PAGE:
US national menu labelling is expected to come into force this summer. The new regulations aim to ensure calorie labelling on menus and menu boards in chain restaurants, retail food establishments, and vending machines with 20 or more locations. We recently joined a US National Restaurant Association info session where we heard insights about what to expect next.
The intent of the menu labelling law is that: “People need nutritional information to exercise personal responsibility at the point of ordering in restaurants.” As such, the following 3 key features are expected on US restaurant menus and menu boards:
- The number of calories will be disclosed with the word “Calories’ or ‘Cal’ posted next to number.
- The following statement to help put the number of calories into context: “A 2,000 calorie diet is used as the basis for general nutrition advice; however individual needs may vary.”
- Additional nutrients (such as fat and sodium) will be available upon request, but not necessarily posted on the menu.
Mandatory menu labelling is a controversial issue for reasons that include menu variability and questions about long-term impact. However, health and consumer groups welcome the calorie and nutrient information regulations.
Research shows that seeing calories on the menu impacts immediate purchase decisions and that consumers tend to underestimate the caloric content of menu items, especially those with higher calories. It’s important to put calorie education in context so it does not become an issue whether the menu item is 400 or 420 calories. Menu labelling is about providing information so that consumers can make an informed choice between something that’s 1200 calories versus 200 calories.
Will Health Canada follow the US restaurant menu labelling? Only time will tell, and we’ll keep you posted. More information about next steps in menu labelling is available by contacting us.
Health Canada recently announced proposed new changes to the Nutrition Facts table and ingredients lists with the goal of improving nutrition information on food labels. We encourage you to you consider the proposed changes and voice your opinion to Health Canada through their 10 question on-online survey and/or technical consultation before September 11th, 2014.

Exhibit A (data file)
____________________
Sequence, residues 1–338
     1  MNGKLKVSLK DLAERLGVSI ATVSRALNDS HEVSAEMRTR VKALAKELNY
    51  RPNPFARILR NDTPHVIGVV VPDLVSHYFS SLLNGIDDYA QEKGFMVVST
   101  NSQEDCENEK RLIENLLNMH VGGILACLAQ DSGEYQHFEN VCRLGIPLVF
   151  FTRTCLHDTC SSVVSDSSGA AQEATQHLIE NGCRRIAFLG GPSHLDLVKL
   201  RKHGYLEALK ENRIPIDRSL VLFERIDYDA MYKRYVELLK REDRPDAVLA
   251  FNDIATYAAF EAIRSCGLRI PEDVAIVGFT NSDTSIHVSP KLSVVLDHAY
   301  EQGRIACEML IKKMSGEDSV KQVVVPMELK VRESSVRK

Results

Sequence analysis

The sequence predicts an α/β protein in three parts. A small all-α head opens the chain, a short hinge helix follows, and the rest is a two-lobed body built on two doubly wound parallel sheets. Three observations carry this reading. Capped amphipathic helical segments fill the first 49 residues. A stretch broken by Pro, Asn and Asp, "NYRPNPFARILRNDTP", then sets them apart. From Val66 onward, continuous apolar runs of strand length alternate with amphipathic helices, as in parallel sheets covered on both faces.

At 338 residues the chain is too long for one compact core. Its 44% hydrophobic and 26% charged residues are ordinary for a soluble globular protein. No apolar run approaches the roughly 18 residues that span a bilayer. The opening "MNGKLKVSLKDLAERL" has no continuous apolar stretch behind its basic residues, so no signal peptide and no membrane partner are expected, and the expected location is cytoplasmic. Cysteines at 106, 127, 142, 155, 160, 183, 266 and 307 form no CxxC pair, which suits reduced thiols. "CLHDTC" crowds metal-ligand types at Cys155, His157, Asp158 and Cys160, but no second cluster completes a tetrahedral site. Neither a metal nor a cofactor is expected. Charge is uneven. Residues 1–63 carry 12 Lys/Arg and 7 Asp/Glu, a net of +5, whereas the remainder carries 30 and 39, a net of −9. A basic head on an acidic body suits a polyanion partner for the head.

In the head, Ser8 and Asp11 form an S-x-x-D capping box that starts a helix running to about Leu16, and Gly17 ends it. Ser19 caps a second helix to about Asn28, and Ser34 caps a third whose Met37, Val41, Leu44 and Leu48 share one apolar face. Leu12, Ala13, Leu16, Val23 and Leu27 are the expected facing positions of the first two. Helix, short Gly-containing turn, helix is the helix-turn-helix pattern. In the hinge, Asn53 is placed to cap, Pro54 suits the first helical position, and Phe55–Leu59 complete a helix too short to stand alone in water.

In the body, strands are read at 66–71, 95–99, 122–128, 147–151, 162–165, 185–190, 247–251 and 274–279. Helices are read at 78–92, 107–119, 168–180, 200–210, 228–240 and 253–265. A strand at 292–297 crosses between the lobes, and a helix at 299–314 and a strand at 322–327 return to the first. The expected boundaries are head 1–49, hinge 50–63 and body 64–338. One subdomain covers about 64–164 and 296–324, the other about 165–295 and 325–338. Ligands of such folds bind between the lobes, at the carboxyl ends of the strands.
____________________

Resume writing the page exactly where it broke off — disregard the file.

Some of the key proposed changes include:
- listing Calories in a bigger and bold font
- using consistent serving sizes on similar foods
- increasing the Daily Value for fat and calcium, and decreasing the Daily Value for sodium
- removing the % Daily Value for fibre and total carbohydrates
- adding information about added sugars by including a % Daily Value for sugars as well as showing the amount of added sugars in the product
- removing vitamins A and C, but adding potassium and vitamin D to the label
- grouping nutrients that we should limit (fat, sodium and sugar) at the top half of the label
- grouping nutrients that we need to get enough of (fibre, vitamins, minerals) at the bottom half of the label.
The consultation period is now open, and all consumers and stakeholders are invited to provide input on the proposed changes. We strongly urge you to let your voice be heard and share your feedback in shaping this important national nutrition labelling regulation.
Health Canada has developed three consumer fact sheets about Serving Sizes, Nutrition Facts table and Ingredient List and Sugar Content. Consumers can provide their feedback through a 10 question online survey.
For food and health professionals, there is also a series of five technical consultation documents which explain the rationale for the proposed changes: Format Requirements, Core Nutrients, Daily Values (%DV), Reference Amounts and Serving Sizes. You are also invited to provide feedback to each of these consultation documents.
All comments must be submitted to Health Canada by September 11, 2015. Please contact us for assistance in reviewing the proposed changes, providing feedback to the consultation, and discussing how these changes may impact your products’ nutrition claims.